A recent spate of stories published by The Washington Post, The New York Times, and The Wall Street Journal reported that President Donald Trump may have improperly pressured the president of Ukraine to investigate one of Trump’s political opponents. But each of the reports relied heavily on anonymous sources, who pose a unique challenge to journalists who are working to break sensitive stories, says Matthew Carroll, a professor of the practice in the School of Journalism at Northeastern.
“It’s always problematic, because there’s always a credibility issue,” says Carroll, who won a Pulitzer Prize in 2003 as the data specialist on The Boston Globe’s Spotlight team that broke the Catholic Church sex scandal. “But this is a very different kind of situation. It looks like, from the stories I’m reading, that the original tip, which was pretty vague, was 100% accurate.”
On Wednesday, The Post cited two unnamed sources who claimed an official in the U.S. intelligence community had filed a whistleblower complaint alleging that the president had made a troubling promise to a foreign leader. On Thursday, the Post and the Times published reports citing anonymous sources who said that the complaint had something to do with Ukraine. Then on Friday, the Journal released a report based on interviews with “people familiar with the matter,” who said that Trump had repeatedly pressured Ukraine’s president to investigate the son of Democratic presidential candidate Joe Biden.
The president’s personal lawyer, Rudy Giuliani, acknowledged Thursday that he asked a Ukrainian official to investigate Biden’s son. And Trump acknowledged Sunday that he discussed Biden in a phone call with the Ukrainian president.
“If people say it didn’t happen, then it becomes a really tough balancing act,” Carroll says of the decision to use anonymous sources. “But in this case, that’s not what is happening at all. People in the administration are not saying that it didn’t happen, or that it is a total lie.”
The Post, the Times, and the Journal each relied on at least two anonymous sources to report their stories. Carroll says that it would be unusual for a newspaper to report any piece of news based on a single, anonymous source. Not only might the source be making up the story, he says, but publishing a report based only on the information provided by one person could also put that source in danger.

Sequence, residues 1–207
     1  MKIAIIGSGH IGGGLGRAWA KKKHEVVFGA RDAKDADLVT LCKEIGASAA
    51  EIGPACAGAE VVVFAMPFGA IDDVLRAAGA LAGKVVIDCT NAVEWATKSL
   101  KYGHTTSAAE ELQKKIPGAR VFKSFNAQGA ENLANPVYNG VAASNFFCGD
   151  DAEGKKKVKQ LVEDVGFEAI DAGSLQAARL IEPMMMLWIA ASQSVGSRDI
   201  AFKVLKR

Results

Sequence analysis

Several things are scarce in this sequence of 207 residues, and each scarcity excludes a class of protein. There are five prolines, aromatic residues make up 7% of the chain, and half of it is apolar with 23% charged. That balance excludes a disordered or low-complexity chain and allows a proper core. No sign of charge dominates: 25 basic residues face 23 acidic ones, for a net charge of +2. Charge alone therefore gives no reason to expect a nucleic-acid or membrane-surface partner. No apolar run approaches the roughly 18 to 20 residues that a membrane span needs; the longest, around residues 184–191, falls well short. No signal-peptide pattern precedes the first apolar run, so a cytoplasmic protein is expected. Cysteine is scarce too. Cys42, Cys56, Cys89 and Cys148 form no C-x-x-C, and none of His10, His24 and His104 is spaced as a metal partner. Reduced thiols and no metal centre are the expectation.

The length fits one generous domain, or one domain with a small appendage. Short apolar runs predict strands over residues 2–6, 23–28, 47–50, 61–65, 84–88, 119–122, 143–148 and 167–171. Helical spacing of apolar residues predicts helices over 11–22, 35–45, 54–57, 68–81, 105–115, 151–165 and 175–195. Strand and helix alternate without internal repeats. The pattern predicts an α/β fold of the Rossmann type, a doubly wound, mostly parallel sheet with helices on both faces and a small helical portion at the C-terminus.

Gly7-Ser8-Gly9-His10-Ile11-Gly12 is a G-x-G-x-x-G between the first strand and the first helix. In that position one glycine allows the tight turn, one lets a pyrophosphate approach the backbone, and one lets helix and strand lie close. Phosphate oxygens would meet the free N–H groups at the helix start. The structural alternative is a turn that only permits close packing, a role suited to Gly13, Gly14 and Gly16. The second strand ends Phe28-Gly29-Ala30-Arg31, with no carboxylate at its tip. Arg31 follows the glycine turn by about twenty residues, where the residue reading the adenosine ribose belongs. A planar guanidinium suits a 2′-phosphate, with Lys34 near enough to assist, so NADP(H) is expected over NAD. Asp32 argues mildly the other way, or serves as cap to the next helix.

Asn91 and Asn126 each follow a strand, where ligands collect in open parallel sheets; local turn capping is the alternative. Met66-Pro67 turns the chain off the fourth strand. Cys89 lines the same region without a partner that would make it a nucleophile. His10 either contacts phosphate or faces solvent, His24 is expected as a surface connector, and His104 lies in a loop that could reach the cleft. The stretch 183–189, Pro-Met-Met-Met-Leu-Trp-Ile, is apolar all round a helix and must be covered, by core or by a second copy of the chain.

“If only one person knows about the story and you report it, that can be very bad news for that source because it’s pretty easy to figure out who the tipster was,” Carroll says. “But in this case, it just felt like a lot of people knew what was going on, so it was going to be pretty hard to figure out who that tipster was.”
Carroll says that the sheer number of people who appear to have been familiar with the complaint filed by the whistleblower helped to propel the story forward. Although the story published by the Post Wednesday lacked specific details, he says it provided enough information to persuade other reporters to ask questions of others sources, who backed up the original reports and provided new information in subsequent stories.
The reporters likely went to great lengths to vet the credibility of their anonymous sources, Carroll says. He describes the fact-checking process as a “delicate dance,” saying that asking too many specific questions could lead reporters to frame facts in such a way that gives away the identities of their unidentified sources.
“If someone gives you a tip anonymously, you have to try to confirm it through other means, and sometimes get documents, sometimes talk to officials or other people who might be involved in the story,” he says.
Carroll points out that his editors would scrutinize the information he received from anonymous sources.
“I always talked to my editors about it first and said, “Look, this is the source, this is how I’m confirming it,’” Carroll says. “But sometimes they will say it’s not solid enough, and you can’t run with a story. And sometimes they would say we had enough, and we go ahead with the story.”
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